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Molecular Ecology (2006) 15, 13791391 doi: 10.1111/j.1365-294X.2005.02749.x 2006 Blackwell Publishing Ltd
 

Summary: Molecular Ecology (2006) 15, 1379­1391 doi: 10.1111/j.1365-294X.2005.02749.x
© 2006 Blackwell Publishing Ltd
Blackwell Publishing, Ltd.
A genetic similarity rule determines arthropod community
structure
R. K. BANGERT,* R. J. TUREK, B. REHILL,§ G. M. WIMP,*¶ J. A. SCHWEITZER, ** G. J. ALLAN,*
J. K. BAILEY,* G. D. MARTINSEN,* P. KEIM,* R. L. LINDROTH and T. G. WHITHAM*
*Department of Biological Sciences and the Merriam-Powell Center for Environmental Research, Northern Arizona University,
PO Box 5640, Flagstaff, AZ 86011, Department of Mathematics and Statistics, Northern Arizona University, Flagstaff, AZ 86011,
Department of Entomology, University of Wisconsin, Madison, WI 53706, **School of Forestry, Northern Arizona University,
Flagstaff, AZ 86011, USA
Abstract
We define a genetic similarity rule that predicts how genetic variation in a dominant plant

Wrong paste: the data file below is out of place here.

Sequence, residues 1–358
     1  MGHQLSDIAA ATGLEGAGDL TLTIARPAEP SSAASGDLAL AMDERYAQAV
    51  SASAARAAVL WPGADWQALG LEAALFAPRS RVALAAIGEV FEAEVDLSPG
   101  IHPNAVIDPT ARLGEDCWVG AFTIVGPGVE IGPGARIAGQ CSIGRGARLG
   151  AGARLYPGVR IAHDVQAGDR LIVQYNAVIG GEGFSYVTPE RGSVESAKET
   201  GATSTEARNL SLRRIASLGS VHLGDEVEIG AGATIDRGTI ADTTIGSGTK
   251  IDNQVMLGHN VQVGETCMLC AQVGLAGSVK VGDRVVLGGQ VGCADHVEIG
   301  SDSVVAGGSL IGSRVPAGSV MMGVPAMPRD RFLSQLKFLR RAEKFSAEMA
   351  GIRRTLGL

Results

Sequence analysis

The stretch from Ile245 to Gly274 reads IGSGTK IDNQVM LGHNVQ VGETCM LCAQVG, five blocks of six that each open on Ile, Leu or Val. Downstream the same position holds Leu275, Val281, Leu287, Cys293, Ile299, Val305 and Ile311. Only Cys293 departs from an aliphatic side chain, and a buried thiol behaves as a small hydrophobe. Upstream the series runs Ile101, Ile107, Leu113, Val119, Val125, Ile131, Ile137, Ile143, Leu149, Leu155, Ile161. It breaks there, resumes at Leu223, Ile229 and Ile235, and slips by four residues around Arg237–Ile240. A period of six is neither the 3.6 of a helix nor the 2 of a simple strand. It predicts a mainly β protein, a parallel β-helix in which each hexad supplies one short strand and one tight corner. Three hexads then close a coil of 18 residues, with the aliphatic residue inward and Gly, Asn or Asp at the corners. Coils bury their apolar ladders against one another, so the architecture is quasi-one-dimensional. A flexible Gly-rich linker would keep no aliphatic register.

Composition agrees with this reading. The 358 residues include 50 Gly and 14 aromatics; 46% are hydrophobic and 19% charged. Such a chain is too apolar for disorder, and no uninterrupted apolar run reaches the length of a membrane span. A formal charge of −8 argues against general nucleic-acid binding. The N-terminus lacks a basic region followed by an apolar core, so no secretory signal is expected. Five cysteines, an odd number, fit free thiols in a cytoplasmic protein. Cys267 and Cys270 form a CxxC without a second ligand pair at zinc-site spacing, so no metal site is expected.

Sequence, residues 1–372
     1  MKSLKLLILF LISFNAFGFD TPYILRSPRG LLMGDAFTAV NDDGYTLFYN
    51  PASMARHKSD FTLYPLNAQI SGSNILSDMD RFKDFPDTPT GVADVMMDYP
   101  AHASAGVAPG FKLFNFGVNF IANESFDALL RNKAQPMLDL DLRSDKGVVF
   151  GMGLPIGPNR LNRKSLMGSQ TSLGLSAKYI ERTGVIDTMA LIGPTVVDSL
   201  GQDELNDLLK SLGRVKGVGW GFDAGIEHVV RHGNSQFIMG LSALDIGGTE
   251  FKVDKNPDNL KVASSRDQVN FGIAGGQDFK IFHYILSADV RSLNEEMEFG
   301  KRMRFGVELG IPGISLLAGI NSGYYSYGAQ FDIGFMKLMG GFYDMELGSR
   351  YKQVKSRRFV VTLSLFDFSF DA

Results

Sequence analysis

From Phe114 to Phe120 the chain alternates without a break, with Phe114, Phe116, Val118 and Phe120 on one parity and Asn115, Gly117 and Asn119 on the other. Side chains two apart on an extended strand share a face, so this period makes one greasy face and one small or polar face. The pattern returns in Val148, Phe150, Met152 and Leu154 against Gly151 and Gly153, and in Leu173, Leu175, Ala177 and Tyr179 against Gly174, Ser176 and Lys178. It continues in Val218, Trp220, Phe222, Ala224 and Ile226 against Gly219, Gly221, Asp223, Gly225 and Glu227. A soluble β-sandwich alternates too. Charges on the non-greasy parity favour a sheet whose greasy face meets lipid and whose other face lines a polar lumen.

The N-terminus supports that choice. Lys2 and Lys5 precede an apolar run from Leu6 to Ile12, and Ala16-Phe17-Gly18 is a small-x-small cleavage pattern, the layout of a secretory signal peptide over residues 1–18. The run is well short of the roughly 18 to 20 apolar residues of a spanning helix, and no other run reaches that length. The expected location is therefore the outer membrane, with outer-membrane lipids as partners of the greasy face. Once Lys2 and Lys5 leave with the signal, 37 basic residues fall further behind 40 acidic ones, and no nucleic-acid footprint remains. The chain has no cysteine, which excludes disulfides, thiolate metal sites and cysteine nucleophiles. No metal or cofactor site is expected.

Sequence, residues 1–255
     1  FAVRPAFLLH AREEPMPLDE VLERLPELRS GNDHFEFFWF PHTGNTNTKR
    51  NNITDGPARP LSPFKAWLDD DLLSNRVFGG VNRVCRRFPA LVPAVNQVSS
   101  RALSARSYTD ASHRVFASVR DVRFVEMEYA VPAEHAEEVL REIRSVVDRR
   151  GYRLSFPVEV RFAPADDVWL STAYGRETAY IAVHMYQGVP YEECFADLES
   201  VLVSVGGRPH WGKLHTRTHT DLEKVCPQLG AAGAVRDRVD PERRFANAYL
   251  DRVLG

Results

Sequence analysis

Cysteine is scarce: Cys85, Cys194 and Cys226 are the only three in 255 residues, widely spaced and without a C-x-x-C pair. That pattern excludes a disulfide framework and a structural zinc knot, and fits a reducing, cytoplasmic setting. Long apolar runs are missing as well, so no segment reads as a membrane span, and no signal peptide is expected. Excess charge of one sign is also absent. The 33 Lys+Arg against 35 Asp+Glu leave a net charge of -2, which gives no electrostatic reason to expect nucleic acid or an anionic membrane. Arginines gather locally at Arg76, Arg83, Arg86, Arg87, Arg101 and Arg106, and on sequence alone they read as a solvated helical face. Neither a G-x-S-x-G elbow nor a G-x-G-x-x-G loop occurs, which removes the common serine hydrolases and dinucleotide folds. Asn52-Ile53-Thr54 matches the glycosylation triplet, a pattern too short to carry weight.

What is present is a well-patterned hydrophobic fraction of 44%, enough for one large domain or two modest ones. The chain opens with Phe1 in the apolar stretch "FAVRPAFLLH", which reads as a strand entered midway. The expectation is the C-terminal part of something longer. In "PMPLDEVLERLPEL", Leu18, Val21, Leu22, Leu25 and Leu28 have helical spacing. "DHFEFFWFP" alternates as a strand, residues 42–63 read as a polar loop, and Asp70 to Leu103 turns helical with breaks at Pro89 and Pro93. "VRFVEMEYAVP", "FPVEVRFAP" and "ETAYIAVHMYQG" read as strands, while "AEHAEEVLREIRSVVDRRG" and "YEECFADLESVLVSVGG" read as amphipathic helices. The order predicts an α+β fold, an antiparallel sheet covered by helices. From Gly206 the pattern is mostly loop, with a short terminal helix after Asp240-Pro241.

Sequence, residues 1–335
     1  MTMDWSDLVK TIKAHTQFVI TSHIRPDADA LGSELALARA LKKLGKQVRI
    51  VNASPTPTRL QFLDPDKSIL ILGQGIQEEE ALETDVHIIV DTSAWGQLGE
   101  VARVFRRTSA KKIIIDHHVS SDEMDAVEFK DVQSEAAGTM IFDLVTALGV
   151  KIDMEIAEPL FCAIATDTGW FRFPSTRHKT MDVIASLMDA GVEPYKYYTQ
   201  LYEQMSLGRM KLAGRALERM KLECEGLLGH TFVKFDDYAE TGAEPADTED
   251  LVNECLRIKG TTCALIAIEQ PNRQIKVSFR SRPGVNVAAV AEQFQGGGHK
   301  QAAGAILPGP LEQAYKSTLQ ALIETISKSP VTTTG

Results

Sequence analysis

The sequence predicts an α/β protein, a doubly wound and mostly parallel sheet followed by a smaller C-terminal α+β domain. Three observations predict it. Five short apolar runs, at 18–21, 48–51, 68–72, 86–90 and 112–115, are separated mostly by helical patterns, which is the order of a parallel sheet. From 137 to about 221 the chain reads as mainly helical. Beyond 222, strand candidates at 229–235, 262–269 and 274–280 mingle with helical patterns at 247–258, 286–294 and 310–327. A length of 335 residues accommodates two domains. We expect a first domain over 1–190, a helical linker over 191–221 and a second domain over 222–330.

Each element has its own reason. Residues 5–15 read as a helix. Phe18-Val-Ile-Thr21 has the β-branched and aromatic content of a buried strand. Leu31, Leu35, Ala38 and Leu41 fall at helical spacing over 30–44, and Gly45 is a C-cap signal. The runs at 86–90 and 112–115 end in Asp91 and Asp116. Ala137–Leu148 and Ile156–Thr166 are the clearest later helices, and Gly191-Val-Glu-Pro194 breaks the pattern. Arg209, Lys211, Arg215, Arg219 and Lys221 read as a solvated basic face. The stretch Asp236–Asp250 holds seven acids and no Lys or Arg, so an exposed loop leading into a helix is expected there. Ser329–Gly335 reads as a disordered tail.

affects the structure of an arthropod community. This rule applies to hybridizing cottonwood
species where plant genetic variation determines plant­animal interactions and structures
a dependent community of leaf-modifying arthropods. Because the associated arthropod
community is expected to respond to important plant traits, we also tested whether plant
chemical composition is one potential intermediate link between plant genes and arthropod
community composition. Two lines of evidence support our genetic similarity rule. First,
in a common garden experiment we found that trees with similar genetic compositions had

  

Source: Allan, Gery - Department of Biological Sciences, Northern Arizona University
Lindroth, Rick - Department of Entomology, University of Wisconsin at Madison
Tennessee, University of - Department of Ecology and Evolutionary Biology, Genes to Ecosystems Lab

 

Collections: Biology and Medicine; Environmental Sciences and Ecology